WASHINGTON — President Donald Trump reiterated his unproven claim that there was "massive voter fraud" in Michigan's election on Saturday, a day after he met with Republican lawmakers from the state at the White House.
In Saturday morning tweets, as multiple Michigan lawmakers departed the Trump International Hotel in Washington, D.C., the president responded to a joint statement put out by House Speaker Lee Chatfield, R-Levering, and Senate Majority Leader Mike Shirkey, R-Clarklake. Their Friday statement suggested the lawmakers used the meeting to focus on COVID-19 relief and not the certification of Michigan's election results.
Chatfield and Shirkey said they have "not yet been made aware of any information that would change the outcome of the election in Michigan," which President-elect Joe Biden won by 154,000 votes.
"Massive voter fraud will be shown!" Trump tweeted at about 8:15 a.m. Saturday morning in response to a post by Chatfield.
With the eyes of the nation on them and criticisms flying from Democrats, seven Michigan lawmakers traveled to meet with Trump for about an hour on Friday. The visit came as supporters of the president have moved in recent days to overturn the results of the state's election.
Trump's campaign has been claiming that there are enough "illegitimate ballots" in the state to swing the results, but the campaign hasn't provided evidence that would suggest the type of widespread fraud it's alleging. And a Wayne County judge has labeled the campaign's claims "not credible."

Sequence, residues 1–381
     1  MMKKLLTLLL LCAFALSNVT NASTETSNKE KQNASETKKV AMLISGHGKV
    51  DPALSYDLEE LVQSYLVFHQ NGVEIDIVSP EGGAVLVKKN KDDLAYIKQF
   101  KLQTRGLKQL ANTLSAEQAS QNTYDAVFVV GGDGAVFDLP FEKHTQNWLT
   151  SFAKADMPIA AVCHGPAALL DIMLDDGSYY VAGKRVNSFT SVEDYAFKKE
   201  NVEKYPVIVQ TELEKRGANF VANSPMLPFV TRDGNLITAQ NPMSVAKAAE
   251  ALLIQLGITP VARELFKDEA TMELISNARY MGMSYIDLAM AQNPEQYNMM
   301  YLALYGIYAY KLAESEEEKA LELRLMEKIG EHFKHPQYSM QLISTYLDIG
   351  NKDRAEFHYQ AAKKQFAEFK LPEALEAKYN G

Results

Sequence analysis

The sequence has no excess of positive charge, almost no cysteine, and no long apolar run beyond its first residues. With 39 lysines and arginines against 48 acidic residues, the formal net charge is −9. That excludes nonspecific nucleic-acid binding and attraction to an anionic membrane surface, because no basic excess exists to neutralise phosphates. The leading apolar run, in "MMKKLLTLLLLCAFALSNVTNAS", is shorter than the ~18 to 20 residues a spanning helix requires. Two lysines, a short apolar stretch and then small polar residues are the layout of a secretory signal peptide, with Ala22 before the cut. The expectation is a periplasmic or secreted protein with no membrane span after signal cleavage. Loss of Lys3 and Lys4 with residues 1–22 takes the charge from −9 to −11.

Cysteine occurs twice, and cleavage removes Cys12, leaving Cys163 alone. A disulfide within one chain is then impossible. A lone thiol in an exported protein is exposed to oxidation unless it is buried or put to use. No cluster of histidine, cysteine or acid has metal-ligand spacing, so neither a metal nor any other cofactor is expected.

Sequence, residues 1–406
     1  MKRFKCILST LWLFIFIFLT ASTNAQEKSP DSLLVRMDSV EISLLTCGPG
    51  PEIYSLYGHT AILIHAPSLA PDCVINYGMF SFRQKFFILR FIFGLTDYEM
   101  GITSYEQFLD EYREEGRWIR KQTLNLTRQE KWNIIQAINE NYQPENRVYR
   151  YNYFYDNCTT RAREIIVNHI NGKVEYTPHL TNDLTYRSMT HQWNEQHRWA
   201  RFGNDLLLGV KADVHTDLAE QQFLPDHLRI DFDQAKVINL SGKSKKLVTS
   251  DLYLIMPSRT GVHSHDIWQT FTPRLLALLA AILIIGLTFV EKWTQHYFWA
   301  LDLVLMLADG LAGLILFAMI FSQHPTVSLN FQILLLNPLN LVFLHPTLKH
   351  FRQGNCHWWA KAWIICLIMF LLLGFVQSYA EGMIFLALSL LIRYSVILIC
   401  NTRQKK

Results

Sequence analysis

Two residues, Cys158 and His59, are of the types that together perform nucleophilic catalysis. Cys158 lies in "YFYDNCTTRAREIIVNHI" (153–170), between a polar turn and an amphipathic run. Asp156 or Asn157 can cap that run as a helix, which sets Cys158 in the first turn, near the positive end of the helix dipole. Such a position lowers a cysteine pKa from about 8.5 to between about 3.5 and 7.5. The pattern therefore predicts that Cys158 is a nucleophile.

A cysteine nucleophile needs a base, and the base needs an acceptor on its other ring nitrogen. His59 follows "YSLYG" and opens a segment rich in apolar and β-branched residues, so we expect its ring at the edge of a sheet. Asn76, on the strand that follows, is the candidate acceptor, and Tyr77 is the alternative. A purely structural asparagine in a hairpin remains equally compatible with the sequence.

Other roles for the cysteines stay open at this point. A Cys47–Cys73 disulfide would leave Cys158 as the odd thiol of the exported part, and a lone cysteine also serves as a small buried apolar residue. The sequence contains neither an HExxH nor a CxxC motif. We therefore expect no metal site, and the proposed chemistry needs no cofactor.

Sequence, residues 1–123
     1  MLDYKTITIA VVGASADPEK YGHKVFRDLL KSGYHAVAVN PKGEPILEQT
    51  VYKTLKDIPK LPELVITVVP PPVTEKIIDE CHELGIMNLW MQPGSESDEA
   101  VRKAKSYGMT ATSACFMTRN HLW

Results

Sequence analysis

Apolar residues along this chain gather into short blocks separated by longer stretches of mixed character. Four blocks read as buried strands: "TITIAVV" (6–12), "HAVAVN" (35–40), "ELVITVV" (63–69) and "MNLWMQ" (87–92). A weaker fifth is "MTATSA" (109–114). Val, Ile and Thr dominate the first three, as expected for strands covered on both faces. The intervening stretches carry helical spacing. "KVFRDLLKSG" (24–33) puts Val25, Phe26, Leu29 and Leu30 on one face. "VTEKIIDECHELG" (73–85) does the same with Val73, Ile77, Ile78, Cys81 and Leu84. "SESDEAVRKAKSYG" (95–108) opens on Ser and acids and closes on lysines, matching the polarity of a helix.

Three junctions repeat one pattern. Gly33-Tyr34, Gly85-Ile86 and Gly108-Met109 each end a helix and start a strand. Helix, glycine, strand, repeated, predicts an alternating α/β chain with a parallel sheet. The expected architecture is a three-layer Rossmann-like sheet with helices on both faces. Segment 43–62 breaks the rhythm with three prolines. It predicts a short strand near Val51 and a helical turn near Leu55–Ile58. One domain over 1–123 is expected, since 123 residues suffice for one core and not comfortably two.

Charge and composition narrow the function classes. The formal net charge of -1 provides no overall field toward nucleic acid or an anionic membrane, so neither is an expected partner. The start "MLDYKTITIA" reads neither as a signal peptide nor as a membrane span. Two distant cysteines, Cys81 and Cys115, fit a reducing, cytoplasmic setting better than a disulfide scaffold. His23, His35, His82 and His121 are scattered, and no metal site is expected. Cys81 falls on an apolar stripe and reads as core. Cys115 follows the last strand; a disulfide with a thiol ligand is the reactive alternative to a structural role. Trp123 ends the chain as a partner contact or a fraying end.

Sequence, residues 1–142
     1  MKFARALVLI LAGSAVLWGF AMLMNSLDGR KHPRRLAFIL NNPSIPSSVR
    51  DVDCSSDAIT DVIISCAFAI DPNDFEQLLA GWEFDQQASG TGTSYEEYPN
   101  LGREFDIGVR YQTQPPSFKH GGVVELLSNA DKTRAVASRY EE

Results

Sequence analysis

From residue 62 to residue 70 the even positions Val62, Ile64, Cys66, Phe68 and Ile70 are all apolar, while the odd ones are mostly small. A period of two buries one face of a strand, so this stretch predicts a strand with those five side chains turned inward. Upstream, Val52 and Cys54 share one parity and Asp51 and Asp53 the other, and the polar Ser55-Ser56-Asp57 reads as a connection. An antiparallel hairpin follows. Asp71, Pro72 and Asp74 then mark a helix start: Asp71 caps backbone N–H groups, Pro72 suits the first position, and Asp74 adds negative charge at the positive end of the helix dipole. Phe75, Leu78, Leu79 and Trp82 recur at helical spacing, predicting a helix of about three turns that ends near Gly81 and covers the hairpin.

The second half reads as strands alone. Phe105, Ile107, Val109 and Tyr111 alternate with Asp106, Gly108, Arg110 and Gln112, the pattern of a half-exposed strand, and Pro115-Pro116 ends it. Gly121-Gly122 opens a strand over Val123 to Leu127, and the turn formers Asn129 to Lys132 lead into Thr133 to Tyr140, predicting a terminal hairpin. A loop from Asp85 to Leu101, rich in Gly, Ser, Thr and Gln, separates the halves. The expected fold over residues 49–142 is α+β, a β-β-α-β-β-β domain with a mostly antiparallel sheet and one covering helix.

The Board of State Canvassers is scheduled to meet Monday to potentially certify the statewide tallies, which would validate the current results. The states have until Dec. 8 or the "safe harbor" day to certify their results or invite court or congressional intervention.
Chatfield and Shirkey said they highlighted during the White House meeting their desire to see "further federal dollars" appropriated for Michigan as the state deals with the COVID-19 pandemic.
The lawmakers also said fraudulent behavior in the election should be taken seriously and the candidates "who win the most votes win elections and Michigan's electoral votes."
"We have not yet been made aware of any information that would change the outcome of the election in Michigan and, as legislative leaders, we will follow the law and follow the normal process regarding Michigan's electors, just as we have said throughout this election," Chatfield and Shirkey said.